/// Exclusive: Yahoo’s Thompson Out; Levinsohn In; Board Settlement With Loeb Nears Completion

May 13, 2012  |  All Things Digital

Yahoo’s embattled CEO Scott Thompson (pictured here) is set to step down from his job at the Silicon Valley Internet giant, in what will be dramatic end to a controversy over a fake computer science degree that he had on his bio, according to multiple sources close to the situation. The company will apparently say he is leaving for “personal reasons.” But the evolving crisis — which is just over a week old — centered on his botched resume and how he handled the thorny issue is clearly the key reason for the abrupt leaving. Thompson’s likely replacement on an interim basis will be Yahoo’s global media head Ross Levinsohn , who most recently also ran its Americas unit, including its advertising sales. In addition to the management upheaval, Yahoo’s board is closing in on a settlement with the man who discovered Thompson’s misstep, activist shareholder Daniel Loeb of Third Point, said sources. The situation could change, since Yahoo’s full board still has to meet this morning to officially approve the sweeping changes at the long-troubled company. But, if it is, this development goes a long way toward fixing some of what has been ailing Yahoo recently. And it’s also a stunning victory for Loeb, since the pugnacious hedge fund investor is set to get three board seats from a slate proposed by him as part of a proxy fight aimed at Yahoo. The new Yahoo directors will be media exec Michael Wolf and turnaround specialist Harry Wilson. Loeb’s fourth selection — former NBC head Jeff Zucker — will withdraw. The five current Yahoo directors — who were to step down at the company’s annual meeting this summer — will leave the board effective immediately, sources said, to make way for the Third Point selections. Finally, Yahoo’s recently added director Fred Amoroso will be named chairman of the board. Amoroso is the director who has been conducting the investigation into the issues raised by Loeb about how the fake academic credentials got in Thompson’s public bios, as well as in Yahoo’s regulatory filings, and also the hurried circumstances around his hiring in January. Those mysteries — read, screw-ups — might never be solved now, although Thompson made a convoluted attempt to explain it all in two awkward employee meetings at the end of last week, in which he blamed a headhunting firm for introducing the mistake when he was being hired for a job at eBay in the mid-2000 timeframe. That company, Heidrick and Struggles, slapped back with an internal memo noting that Thompson’s claim was not “verifiably not true.” Sources said that Heidrick told Yahoo’s board that it was in possession of a resume submitted by Thompson that he had apparently submitted showing the inaccurate CS degree on it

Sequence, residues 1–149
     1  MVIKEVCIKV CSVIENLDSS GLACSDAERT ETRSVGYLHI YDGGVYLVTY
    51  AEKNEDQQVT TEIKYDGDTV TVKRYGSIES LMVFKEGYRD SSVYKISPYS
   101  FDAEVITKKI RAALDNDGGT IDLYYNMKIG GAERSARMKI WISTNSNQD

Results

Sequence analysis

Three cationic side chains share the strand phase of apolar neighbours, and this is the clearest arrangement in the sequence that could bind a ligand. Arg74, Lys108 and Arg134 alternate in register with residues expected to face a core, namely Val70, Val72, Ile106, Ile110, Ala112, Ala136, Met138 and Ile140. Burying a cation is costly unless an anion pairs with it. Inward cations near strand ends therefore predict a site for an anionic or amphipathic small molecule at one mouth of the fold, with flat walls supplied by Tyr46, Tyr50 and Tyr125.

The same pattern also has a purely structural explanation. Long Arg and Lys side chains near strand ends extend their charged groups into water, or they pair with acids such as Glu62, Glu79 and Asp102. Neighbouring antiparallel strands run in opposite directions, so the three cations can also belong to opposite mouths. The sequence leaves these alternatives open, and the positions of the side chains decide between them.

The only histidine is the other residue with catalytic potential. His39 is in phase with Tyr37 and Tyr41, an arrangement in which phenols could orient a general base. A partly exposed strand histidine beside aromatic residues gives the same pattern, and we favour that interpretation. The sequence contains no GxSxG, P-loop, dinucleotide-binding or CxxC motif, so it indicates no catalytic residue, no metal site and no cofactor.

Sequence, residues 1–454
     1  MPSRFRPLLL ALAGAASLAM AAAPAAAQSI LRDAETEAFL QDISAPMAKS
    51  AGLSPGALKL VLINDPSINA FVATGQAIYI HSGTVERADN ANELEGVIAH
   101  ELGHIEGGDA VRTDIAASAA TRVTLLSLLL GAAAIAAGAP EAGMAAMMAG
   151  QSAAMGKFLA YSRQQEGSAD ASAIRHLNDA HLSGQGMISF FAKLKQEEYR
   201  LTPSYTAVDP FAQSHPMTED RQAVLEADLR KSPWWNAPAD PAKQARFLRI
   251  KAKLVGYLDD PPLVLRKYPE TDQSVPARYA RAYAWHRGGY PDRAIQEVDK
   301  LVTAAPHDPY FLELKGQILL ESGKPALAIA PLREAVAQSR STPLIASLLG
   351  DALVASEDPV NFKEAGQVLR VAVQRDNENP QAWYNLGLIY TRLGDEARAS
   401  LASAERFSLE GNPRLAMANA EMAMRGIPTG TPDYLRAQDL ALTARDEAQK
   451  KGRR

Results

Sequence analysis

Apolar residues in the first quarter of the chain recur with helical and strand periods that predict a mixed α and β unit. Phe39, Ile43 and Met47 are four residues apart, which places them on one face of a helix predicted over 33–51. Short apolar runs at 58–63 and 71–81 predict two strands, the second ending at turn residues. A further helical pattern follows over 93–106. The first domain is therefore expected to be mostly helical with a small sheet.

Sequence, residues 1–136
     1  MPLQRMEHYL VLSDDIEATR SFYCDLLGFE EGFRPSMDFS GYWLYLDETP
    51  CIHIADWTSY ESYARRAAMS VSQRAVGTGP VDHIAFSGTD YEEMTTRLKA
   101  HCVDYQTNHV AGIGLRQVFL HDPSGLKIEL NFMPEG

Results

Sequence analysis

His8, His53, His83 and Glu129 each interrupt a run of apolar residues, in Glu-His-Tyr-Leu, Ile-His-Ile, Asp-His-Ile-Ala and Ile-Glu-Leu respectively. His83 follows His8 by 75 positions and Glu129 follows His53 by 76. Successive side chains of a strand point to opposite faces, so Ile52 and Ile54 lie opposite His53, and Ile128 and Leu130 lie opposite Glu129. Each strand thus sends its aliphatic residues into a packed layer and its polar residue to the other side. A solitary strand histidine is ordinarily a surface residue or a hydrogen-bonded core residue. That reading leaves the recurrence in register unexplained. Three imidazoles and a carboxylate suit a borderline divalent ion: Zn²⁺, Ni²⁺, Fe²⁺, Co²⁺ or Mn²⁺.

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Exclusive: Yahoo’s Thompson Out; Levinsohn In; Board Settlement With Loeb Nears Completion

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